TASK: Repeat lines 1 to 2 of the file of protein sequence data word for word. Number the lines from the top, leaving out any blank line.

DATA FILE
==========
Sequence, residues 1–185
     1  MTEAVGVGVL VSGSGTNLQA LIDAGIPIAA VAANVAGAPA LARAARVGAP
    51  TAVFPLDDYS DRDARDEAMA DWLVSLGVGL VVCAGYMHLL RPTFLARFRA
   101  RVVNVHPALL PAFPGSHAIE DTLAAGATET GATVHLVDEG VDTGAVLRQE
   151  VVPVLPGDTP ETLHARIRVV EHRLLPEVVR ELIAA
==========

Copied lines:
Sequence, residues 1–185
     1  MTEAVGVGVL VSGSGTNLQA LIDAGIPIAA VAANVAGAPA LARAARVGAP